Rise in unpaid school bills exposes poverty in Flanders

Fewer parents of pupils in Flemish community education (GO!) are able to pay their children's school bills on time, indicating an underlying problem of poverty.

One in seven pupils in Flanders grows up in poverty. While the issue can manifest itself in many ways at school, from empty lunch boxes to worn-out clothes and shoes, unpaid bills are the most tangible indicator for schools.

"A study has shown that the school bill is usually the first to be paid," GO! deputy director Koen Pelleriaux told De Standaard, "so if a family doesn't pay the school bill, there is a serious underlying problem. Usually, that problem is poverty." 

The total amount of unpaid bills in GO! education in 2018 was 8 per cent of revenue, resulting in schools missing out on 7.6 million euros in revenue. This share rose to 13 per cent last year, with 11 million euros in unpaid school bills.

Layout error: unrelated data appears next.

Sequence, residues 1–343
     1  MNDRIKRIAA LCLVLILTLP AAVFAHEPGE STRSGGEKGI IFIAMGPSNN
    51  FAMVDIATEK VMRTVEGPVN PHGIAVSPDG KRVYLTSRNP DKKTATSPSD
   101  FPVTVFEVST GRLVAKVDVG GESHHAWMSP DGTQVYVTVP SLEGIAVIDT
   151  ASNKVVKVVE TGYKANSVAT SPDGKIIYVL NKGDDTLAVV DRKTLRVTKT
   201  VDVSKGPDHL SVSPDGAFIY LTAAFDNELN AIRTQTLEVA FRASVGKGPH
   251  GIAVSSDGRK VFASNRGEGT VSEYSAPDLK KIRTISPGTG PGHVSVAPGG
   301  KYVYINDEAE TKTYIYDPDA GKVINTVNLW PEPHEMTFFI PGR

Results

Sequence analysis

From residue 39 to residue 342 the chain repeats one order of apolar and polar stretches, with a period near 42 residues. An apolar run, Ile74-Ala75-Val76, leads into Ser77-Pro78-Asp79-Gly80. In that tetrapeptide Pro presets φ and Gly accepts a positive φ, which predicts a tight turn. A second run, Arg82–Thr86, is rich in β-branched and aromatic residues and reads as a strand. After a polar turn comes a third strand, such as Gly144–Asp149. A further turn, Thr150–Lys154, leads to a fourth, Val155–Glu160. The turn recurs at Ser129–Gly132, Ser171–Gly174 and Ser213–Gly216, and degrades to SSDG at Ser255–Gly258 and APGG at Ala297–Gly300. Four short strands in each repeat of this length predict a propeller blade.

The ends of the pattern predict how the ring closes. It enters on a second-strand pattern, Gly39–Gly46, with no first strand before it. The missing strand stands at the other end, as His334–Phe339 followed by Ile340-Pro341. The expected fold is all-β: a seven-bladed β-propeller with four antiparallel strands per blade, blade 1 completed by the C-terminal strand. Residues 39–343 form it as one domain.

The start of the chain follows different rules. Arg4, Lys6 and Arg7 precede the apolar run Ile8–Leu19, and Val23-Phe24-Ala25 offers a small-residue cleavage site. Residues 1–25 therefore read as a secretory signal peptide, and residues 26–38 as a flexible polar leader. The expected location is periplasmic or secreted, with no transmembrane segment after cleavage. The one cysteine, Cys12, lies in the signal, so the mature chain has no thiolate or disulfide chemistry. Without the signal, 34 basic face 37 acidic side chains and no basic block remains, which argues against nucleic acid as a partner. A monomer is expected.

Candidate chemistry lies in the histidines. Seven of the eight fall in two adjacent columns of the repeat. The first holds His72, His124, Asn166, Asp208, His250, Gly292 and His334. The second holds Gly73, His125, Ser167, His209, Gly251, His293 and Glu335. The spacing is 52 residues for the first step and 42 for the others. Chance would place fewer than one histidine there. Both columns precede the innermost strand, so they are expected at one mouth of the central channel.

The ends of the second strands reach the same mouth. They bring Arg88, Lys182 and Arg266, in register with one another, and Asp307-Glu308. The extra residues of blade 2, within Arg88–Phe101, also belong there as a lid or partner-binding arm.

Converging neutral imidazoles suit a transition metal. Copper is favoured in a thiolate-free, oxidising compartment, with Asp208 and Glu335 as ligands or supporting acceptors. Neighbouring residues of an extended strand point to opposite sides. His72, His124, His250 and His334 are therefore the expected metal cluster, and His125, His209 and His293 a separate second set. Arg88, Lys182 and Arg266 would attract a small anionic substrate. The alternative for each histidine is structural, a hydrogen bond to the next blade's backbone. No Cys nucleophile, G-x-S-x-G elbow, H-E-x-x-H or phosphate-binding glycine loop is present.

The average outstanding amount per pupil increased from 36.60 euros to 48.30 euros between 2018 and 2022, while the average payment period increased from 30 days to almost 50 days.

GO! called the figures a wake-up call and vowed to tackle unpaid bills, arguing that schools or teachers cannot solve the problem alone. "We feel a responsibility to be part of the solution," it said in a statement.

"The alarm bells are ringing once again," said Nadia Naji, co-leader of Flemish green party Groen, in response to the figures. "Every child deserves an equal start, but in reality we see children in class without books or on an empty stomach". Both Groen and socialists Vooruit have argued for the introduction of a maximum school bill in secondary education.



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